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first language (L1) in the second language EFL classroom (L2). The study provides a brief historical background of the use of native or target language for a classroom teaching. The literatures are also reviewed to enhance to a greater understanding on the Contrastive Analysis Hypothesis. Theoretical arguments are provided to support or against the use of monolingual or bilingual approach in a teaching environment. While some scholars believe that monolingual approach is the best to teaching, some scholars support bilingual approach.
There is a growing debate among scholars, academicians and professionals whether a classroom teaching of ELT (English language teaching) should exclude or include native language (LI) and the issue has led leading to a long-term controversy. (Brown, 2000). Supporters of monolingual approach argue that instructors should avoid using L1 in the classroom environment. At the end of the 19th century, supporters of the Direct Method banned the use native language. However the positive role of native language in classrooms has been recently acknowledged on the ground that native language is a rich resource in the classroom environment and if used judiciously can enhance a greater understanding of learning and teaching of a target language. (Cook, 2001). However, there is still no positive agreement on the exact role of both L1 and L2. The review of the literature provides the historical overview of the debate.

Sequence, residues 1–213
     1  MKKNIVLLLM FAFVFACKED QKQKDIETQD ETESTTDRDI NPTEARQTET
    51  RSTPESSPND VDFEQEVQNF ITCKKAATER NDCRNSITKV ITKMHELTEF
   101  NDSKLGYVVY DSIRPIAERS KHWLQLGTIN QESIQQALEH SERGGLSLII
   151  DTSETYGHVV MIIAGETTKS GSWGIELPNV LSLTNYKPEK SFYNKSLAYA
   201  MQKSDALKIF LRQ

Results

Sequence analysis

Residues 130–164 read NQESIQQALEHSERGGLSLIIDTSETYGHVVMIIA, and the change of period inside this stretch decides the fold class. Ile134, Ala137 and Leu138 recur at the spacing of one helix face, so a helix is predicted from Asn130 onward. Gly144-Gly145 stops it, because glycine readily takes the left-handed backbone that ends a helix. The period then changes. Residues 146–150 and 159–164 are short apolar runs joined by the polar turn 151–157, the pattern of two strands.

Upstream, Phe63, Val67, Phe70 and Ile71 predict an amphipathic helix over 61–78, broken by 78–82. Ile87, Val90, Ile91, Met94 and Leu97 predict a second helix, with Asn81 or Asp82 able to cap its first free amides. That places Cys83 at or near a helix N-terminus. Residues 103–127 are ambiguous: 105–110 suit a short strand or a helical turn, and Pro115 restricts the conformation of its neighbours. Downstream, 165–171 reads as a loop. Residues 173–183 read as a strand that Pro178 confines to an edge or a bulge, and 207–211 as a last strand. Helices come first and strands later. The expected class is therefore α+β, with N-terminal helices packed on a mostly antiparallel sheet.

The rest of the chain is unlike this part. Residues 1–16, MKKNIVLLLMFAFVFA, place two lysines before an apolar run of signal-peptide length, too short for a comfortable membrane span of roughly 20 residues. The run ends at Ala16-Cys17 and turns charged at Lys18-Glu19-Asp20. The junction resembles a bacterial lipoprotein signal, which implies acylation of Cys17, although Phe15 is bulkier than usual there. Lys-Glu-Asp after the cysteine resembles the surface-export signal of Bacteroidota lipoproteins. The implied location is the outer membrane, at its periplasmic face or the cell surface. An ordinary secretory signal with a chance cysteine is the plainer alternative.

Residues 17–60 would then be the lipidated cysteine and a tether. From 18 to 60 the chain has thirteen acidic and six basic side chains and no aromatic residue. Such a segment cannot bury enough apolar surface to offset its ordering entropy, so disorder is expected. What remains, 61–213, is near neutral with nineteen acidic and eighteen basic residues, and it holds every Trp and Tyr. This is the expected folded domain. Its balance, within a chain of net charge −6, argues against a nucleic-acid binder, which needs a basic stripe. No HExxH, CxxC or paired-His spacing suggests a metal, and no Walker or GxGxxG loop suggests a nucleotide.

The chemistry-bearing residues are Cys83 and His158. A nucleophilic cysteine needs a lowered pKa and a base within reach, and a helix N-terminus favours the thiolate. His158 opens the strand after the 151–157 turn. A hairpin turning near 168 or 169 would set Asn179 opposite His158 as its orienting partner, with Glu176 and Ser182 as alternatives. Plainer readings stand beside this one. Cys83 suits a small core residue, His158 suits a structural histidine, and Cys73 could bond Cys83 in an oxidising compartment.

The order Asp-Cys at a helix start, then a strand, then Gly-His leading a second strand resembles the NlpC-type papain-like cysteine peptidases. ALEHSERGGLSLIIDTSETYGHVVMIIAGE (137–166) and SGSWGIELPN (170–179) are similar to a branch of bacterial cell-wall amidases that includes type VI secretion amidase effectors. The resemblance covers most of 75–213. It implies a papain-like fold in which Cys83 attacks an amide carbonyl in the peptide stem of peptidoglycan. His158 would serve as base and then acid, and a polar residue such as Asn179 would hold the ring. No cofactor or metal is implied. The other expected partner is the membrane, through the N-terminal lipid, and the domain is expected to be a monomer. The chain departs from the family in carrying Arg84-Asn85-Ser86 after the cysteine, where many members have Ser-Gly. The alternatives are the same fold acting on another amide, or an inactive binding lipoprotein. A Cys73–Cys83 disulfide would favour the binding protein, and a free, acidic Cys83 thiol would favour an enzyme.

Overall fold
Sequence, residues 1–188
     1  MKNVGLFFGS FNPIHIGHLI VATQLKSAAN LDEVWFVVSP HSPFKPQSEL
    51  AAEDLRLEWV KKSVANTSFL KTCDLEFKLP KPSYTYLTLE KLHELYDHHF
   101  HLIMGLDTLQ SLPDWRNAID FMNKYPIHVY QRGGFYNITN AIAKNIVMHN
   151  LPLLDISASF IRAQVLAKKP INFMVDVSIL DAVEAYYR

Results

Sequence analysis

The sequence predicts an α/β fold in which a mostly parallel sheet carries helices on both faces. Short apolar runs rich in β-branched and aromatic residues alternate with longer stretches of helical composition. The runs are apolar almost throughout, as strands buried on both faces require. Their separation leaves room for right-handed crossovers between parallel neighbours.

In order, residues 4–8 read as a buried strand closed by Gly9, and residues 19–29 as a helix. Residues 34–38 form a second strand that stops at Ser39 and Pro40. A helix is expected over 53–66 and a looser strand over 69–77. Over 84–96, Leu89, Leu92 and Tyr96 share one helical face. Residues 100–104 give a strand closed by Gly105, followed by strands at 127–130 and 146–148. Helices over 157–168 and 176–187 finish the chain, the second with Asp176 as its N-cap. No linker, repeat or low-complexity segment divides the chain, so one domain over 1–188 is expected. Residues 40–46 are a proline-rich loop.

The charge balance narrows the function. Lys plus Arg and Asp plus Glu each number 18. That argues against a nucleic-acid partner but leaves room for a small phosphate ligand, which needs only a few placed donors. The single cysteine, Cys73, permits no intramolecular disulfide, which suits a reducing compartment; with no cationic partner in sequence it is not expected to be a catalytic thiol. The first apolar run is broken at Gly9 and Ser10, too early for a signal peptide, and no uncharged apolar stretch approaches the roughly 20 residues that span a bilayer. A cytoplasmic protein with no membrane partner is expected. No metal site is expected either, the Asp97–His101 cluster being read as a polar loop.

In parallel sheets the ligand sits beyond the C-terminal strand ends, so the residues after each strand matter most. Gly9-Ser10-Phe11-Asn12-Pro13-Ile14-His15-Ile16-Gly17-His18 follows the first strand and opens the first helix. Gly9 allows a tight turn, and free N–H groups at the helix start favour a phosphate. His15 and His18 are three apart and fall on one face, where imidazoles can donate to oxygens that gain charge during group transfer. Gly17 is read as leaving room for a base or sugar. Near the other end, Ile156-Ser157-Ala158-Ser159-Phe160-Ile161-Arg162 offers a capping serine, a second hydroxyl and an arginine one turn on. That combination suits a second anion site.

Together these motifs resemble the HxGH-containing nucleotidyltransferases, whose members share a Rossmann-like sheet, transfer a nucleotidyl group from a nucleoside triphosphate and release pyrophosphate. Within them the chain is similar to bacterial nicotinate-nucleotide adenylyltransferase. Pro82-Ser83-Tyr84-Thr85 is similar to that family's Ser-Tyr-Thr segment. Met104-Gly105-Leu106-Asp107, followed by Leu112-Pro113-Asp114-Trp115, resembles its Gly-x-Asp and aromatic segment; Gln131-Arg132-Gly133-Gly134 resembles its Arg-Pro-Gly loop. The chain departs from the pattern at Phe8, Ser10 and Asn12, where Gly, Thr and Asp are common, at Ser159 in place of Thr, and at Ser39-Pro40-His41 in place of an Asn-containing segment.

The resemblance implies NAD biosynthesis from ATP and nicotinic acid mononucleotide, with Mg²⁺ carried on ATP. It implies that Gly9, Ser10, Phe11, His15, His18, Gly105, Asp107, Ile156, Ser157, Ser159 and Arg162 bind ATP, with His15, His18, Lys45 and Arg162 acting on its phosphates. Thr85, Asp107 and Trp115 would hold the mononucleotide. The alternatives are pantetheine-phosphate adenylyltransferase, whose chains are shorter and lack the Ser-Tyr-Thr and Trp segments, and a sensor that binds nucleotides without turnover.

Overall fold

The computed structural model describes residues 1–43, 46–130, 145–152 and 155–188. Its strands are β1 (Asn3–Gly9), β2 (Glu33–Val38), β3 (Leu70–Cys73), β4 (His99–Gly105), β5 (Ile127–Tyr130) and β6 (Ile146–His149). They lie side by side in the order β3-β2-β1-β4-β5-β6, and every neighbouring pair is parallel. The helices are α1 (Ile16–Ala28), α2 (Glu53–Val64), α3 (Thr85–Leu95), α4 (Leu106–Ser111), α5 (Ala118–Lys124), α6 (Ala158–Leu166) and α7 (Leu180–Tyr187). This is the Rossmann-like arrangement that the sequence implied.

The idea of avoiding the native language or mother tongue in classroom language teaching dated back to several centuries. "The development of ELT as a casual career for young people visiting Europe encouraged teachers to make a virtue of the necessity of using only English." (Harbord, 1992 p 350). Moreover, the growth of the training movement of British-based teacher with the need to train teachers working in multilingual classes reinforces the avoidance of mother tongue. Over the years, the effect avoidance of mother tongue in classroom has made vast majority of non-native speakers, who constitute majority of language teachers to feel guilty in their ability to teach with their mother tongue or native language in an English classroom environment. Many non-native speakers have tried to switch to all and only English classroom, only to discover that they are inadequately equipped with L2 (second language or target language of learning) strategies. At the same time, in some part of world, there has been a growth of a movement about the influx of unqualified native speakers aiming for classroom teaching with the aim of earning money. The consequence has made many companies or schools to shield away from employing native speakers whether qualified or not. (Harbord, 1992). However, Brooks-Lewis (2009) point out that the debate about using L1 in EFL teaching has arisen with varying level of intensity. While the inclusion of L1 has been theoretical verified, justified and pedagogically accepted, however, the exclusion is based on unexamined assumption.